- “Their relationship was damaged for good after Richardson questioned the authenticity of two paintings allegedly by the French artist Fernand Leger.‘There was a terrible silence, during which Douglas’s pink face turned the color of a summer pudding. ‘What a little expert we’ve become,’’ Richardson wrote.‘And then came a shriek like calico ripping — comical but also alarming. ‘How dare you pontificate to me about Leger!’ he yelled. ‘Those paintings are absolutely authentic. Get out, get out.’ And then he took another look at the photographs, and I realized that he realized that I was right and he was wrong. Things would never be the same again.’”
- “Mr. Richardson eventually tired of Provence and moved to New York in 1960. He organized major exhibitions of Picasso and Braque; opened a Manhattan office for Christie’s, the British auction house; presided over 19th- and 20th-century paintings at the storied gallery Knoedler and Co.; and was managing director of Artemis, a consortium of art dealers, before turning to writing full time in the late 1970s.”
- “In 1962 Richardson approached the artist with a plan to do a book on his portraits. “He was very cooperative and gave me a mass of information,” Richardson told ARTnews in 2012. What began as a catalogue intended to cover one part of the artist’s oeuvre became a larger undertaking—a full-dress biography spanning the whole of Picasso’s career.Each part of Richardson’s biography, A Life of Picasso, ends with a milestone. The first covers the years 1881 to 1906, and culminates in Picasso painting one of his first masterpieces, Les Demoiselles d’Avignon (1907); the second spans 1907 to 1916 and finishes with the artist abandoning Cubism; and the third moves from 1917 to 1932, concluding with his first retrospective.” (The fourth, written with Michael Cary, is expected to cover the remainder of Picasso’s career, though details have not yet been released.)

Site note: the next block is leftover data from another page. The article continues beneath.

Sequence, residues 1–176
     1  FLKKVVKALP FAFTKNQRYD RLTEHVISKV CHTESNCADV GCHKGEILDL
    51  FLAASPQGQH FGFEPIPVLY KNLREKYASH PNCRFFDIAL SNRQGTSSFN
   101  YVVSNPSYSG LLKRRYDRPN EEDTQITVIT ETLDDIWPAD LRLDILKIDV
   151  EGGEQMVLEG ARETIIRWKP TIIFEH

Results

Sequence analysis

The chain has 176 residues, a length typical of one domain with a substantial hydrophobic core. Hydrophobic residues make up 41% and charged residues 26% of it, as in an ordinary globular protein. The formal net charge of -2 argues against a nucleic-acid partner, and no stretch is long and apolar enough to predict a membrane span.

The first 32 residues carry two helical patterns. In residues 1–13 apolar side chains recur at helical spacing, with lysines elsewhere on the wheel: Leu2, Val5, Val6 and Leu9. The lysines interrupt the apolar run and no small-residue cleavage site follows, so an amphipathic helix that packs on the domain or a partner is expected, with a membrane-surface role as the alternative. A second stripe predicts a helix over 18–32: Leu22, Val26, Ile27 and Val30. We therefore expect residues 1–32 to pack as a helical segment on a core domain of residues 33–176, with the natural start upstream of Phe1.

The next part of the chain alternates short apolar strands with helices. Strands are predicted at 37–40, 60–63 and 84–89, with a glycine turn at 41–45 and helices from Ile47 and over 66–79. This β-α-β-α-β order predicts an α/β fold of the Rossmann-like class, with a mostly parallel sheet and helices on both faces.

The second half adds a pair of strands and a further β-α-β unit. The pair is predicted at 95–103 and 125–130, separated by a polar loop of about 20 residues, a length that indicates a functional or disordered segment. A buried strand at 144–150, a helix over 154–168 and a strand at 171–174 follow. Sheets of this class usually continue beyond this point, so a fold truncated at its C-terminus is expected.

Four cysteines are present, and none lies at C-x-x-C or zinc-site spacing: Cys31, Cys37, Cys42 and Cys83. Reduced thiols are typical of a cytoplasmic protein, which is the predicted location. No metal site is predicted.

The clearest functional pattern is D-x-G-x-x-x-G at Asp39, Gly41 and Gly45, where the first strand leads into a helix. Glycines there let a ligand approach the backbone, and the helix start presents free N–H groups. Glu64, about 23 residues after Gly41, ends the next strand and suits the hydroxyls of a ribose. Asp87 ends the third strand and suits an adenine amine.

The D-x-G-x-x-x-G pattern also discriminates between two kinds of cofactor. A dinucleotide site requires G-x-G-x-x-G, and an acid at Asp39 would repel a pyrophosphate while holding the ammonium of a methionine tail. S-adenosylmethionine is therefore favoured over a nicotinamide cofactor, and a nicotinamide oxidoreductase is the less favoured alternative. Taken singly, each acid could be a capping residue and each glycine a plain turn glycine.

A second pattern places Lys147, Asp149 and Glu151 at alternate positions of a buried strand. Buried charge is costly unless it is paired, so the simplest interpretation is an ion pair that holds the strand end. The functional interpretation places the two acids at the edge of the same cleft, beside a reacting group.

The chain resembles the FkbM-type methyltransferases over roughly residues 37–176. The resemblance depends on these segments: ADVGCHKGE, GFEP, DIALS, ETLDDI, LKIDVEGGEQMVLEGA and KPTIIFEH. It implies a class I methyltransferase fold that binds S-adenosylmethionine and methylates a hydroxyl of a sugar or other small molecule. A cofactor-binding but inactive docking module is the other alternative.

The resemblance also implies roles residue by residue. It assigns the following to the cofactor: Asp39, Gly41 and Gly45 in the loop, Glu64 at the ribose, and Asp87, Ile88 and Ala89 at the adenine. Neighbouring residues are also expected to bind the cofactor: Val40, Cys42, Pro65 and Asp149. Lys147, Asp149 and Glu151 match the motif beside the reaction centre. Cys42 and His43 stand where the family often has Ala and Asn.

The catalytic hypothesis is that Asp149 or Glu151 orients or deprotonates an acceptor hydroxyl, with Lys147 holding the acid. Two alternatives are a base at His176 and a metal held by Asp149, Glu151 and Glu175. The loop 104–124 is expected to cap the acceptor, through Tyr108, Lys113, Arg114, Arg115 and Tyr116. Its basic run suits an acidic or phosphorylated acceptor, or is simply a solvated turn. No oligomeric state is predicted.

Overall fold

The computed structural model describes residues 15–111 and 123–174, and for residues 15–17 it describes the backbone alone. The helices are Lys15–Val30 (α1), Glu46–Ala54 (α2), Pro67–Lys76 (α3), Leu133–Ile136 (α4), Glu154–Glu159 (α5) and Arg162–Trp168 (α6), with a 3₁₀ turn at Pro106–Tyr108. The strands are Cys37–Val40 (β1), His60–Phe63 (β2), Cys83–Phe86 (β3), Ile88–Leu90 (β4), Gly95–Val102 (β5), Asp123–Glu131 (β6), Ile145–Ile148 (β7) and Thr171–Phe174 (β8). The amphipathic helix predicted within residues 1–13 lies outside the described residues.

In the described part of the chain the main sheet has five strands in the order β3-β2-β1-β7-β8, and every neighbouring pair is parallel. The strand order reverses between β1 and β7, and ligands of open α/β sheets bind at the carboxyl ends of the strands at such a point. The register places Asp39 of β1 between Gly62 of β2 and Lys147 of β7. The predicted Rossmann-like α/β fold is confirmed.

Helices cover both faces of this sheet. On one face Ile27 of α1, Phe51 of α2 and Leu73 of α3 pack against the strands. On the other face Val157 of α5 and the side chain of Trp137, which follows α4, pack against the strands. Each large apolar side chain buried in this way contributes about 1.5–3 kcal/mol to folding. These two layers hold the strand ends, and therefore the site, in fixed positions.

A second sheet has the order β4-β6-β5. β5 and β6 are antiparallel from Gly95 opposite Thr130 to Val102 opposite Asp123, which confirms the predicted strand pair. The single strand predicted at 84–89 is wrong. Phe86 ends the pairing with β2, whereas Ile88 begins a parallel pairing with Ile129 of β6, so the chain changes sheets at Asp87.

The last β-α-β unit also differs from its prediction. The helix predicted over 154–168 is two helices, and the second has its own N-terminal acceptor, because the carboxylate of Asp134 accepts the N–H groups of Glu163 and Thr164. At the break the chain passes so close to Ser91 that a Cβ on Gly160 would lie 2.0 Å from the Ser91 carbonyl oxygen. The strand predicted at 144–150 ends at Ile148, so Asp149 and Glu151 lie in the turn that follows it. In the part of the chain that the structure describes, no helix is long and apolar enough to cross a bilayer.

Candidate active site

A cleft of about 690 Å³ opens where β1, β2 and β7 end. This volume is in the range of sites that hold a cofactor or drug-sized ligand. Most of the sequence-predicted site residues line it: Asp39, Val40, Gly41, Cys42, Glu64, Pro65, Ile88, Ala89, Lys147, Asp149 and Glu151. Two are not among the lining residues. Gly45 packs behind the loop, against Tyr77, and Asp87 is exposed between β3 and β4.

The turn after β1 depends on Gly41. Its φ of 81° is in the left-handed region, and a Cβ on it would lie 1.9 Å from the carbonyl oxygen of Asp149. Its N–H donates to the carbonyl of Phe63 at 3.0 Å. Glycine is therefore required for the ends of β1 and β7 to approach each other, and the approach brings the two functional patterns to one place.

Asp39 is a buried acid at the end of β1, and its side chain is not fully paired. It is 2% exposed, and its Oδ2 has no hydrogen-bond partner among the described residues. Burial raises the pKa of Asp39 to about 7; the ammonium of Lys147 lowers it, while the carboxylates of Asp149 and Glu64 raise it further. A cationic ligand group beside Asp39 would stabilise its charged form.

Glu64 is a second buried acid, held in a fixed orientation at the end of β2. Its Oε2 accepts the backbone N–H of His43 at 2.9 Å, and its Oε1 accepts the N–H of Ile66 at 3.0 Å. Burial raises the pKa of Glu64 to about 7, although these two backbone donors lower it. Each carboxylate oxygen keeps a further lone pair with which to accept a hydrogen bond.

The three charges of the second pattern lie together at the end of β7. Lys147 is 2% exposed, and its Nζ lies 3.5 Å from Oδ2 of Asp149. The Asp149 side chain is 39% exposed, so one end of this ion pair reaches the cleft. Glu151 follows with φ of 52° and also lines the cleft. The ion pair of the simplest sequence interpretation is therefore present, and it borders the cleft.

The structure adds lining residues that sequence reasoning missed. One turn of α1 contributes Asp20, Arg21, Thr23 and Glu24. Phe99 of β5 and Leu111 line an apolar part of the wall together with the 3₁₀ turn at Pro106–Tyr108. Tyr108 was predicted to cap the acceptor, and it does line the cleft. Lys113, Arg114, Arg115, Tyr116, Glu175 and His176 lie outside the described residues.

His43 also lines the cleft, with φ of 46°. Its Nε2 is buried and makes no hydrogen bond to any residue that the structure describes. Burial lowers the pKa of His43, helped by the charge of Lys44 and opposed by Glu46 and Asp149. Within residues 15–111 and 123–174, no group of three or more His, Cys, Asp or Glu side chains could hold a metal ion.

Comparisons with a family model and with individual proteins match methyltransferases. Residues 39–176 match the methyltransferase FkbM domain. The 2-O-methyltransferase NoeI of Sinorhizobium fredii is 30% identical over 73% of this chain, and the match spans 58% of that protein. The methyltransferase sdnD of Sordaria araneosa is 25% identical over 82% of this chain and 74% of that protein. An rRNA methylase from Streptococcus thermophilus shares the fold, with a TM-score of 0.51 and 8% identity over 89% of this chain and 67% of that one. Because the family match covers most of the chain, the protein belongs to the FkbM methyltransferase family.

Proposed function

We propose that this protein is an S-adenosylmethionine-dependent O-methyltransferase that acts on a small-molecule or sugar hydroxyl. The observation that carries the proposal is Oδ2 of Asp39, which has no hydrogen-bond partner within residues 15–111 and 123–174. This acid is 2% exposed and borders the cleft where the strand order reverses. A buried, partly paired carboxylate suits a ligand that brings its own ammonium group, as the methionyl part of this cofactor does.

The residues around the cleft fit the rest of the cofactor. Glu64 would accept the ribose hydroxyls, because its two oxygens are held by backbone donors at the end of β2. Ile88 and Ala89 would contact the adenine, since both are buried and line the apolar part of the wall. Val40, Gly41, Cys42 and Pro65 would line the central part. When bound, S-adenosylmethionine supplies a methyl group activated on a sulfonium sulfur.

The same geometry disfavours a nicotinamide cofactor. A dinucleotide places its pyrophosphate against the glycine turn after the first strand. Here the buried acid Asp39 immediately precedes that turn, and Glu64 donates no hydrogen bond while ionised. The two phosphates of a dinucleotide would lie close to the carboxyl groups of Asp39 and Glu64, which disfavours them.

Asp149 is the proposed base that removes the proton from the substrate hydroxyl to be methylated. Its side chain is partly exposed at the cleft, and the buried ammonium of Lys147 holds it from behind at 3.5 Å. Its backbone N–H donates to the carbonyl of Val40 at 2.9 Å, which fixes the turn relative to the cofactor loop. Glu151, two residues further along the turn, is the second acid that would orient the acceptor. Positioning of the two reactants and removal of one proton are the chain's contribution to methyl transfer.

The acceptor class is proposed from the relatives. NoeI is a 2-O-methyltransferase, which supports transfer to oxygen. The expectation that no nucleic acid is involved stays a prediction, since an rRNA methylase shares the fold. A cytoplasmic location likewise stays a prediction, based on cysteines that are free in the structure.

The New York Times, relying on an obituary by Carol Vogel prepared long before the nonagenarian’s death, talks about the final phase of Richardson’s career lending the glamour and social connections to Larry Gagosian:
- “Mr. Richardson’s last act, beginning in 2008, was as a consultant to the Gagosian Gallery in New York, where he organized six Picasso exhibitions starting with “Picasso: Mosqueteros.” Roberta Smith of The New York Times called it “one of the best shows to be seen in New York since the turn of the century.”Through his connections with members of Picasso’s family, Mr. Richardson was able to secure paintings that had never before been seen publicly. He was also able to persuade major museums and celebrated collectors to lend late Picasso paintings and prints for the exhibition, at Gagosian’s West 21st Street gallery in Chelsea.It was a hit. For the entire run of the show, lines snaked around the block. His last exhibition, “Picasso: Minotaurs and Matadors,” was held at Gagosian’s Grosvenor Hill space in London in 2017. At his death he was working on an exhibition of Warhol portraits that was also to be held at the Grosvenor Hill gallery, although an opening date had not been set.